The case study featured in this section highlights some ways to utilize gathering places to share cultural protocols, pedagogy/ies and practices with community members. In this example, the University of the Fraser Valley’s Gathering Space is discussed. The Aboriginal Centre, located at the Canada Education Park campus in Chilliwack, is modelled after a Stó:lō longhouse. It seats 200 people and has a sunken floor surrounded by layered bench seating. As a result of how this Gathering Place was designed, people using the space engage with a Stó:lō worldview that positions “the floor” as the ideal place to learn from because its central and everyone can see each other. The set-up of the space, the sunken floor and benches, requires instructors/facilitators to shift their methods of instruction to be on “the floor”. This, in turn, has enabled cultural learning for instructors and students alike. While classes happen in this space, Indigenous ceremonies are prioritized. If there is a conflict between a class and an Indigenous ceremony/event, classes are bumped. This means it is necessary to have a back-up space for classes scheduled in the Gathering Place. Ultimately, this case study illustrates how the design of a Gathering Space and the sorts of events hosted out of that space can contribute to cultural learning.

Case Study

 

Leading Practices in Student Housing for Indigenous Learners and Their Families

 

  • Put in place priority access housing policies and spaces for Indigenous learners and families.
  • Engage a variety of Indigenous partners (staff, learners, Elders and community) in the design and development of student housing.
  • Consider Indigenous values and current sustainability practices in the housing design process.
  • Provide day visit space for Elder-in-Residence.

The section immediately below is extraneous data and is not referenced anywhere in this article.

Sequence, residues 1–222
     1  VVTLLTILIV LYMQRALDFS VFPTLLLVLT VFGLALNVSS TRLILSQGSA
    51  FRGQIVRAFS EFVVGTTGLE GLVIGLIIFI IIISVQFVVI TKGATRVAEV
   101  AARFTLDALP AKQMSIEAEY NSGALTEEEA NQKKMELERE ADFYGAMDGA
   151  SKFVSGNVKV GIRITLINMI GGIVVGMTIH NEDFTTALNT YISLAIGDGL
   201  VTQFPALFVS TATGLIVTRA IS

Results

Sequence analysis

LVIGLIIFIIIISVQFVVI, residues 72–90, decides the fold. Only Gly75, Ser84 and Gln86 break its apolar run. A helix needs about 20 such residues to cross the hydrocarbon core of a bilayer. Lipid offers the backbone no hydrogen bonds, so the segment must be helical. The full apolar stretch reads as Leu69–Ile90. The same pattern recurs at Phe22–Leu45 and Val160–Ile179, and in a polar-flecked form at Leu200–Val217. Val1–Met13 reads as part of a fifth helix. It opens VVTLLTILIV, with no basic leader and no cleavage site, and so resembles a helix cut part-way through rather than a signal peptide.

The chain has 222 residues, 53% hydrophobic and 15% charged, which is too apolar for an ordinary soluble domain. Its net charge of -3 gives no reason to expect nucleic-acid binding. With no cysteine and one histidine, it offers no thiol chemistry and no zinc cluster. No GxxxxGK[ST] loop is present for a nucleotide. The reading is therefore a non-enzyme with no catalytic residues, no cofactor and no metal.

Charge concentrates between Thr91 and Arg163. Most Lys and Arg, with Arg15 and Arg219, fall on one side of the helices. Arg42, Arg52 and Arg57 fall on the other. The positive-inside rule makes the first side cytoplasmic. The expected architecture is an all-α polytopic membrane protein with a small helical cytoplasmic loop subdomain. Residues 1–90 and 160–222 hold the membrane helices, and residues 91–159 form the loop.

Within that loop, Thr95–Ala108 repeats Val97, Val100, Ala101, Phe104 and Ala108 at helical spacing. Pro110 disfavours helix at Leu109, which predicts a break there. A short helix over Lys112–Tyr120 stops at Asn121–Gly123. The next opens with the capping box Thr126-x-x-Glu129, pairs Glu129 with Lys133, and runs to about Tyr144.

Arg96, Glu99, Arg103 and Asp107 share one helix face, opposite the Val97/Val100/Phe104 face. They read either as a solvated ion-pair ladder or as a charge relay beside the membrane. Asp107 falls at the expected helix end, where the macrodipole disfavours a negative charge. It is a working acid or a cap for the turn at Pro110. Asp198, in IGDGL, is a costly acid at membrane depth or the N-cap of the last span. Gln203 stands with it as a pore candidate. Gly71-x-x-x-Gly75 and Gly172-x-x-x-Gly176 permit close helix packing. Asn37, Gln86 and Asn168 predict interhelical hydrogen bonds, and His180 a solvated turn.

• Include Indigenous activities and ceremonies in residence activities and promote intercultural programs.
  • Ensure lounges and commons are available for group or individual study. Ensure space is available for health and well-being events and family gatherings.
  • Make resources about Indigenous housing options available well before the start of the school year.

Case Study Summary

The case study featured in this section highlights the University of Victoria (UVic), which provides varied priority housing options for Aboriginal students. UVic has created a Dedicated Indigenous Housing Partnership with the Office of Indigenous Affairs (INAF) and UVic Residence Services, making efforts to engage with a number of Aboriginal partners. The housing options include single-bed rooms, cluster rooms and family units, which reflect the diverse needs of Aboriginal students. UVic is in the process of discussing a new residence and intends to consult Aboriginal partners while designing this space. While residences do not currently include cultural activities and ceremonies, UVic is at the beginning stages of finding creative solutions so that Aboriginal learners are able to smudge. Ultimately, this case study exemplifies the leading practice of prioritizing housing for Aboriginal learners and their families and suggests some ways that post-secondary institutions can begin to engage a variety of Aboriginal partners in the design of student housing and include Aboriginal activities/ceremonies in residences.

Case Study

 

  1. Leading Practices in Building Awareness of Indigenous Knowledge

    • Acknowledge the relevance to post-secondary institutions activities associated with Article 31 of the United Nations Declaration on the Rights of Indigenous Peoples.
    • Work with communities to develop and put in place cultural protocols and practices. Create knowledge-sharing agreements and messaging for sharing traditional and sacred knowledge.
  2. Leading Practices in Research and Data Collection
    • Adopt ethical Indigenous research methods and approaches. For example, Tri-Council Policy Statement on Ethical Conduct for Research involving First Nations, Inuit and Métis peoples in Canada (Chapter 9). Use culturally-appropriate, respectful methods that are specific to the project and community and that are led by collaborative practice and partnerships between communities and institutions.
    • Understand Indigenous data collection processes and the collaborative research design. Understand the principles of ownership, control, access and protection. Use understanding of Indigenous methodologies and collaborative approaches to teach researchers how to avoid unintended cultural appropriation.
    • Ensure Indigenous community representation on Ethics Boards. Where possible, help communities to develop their own review practices.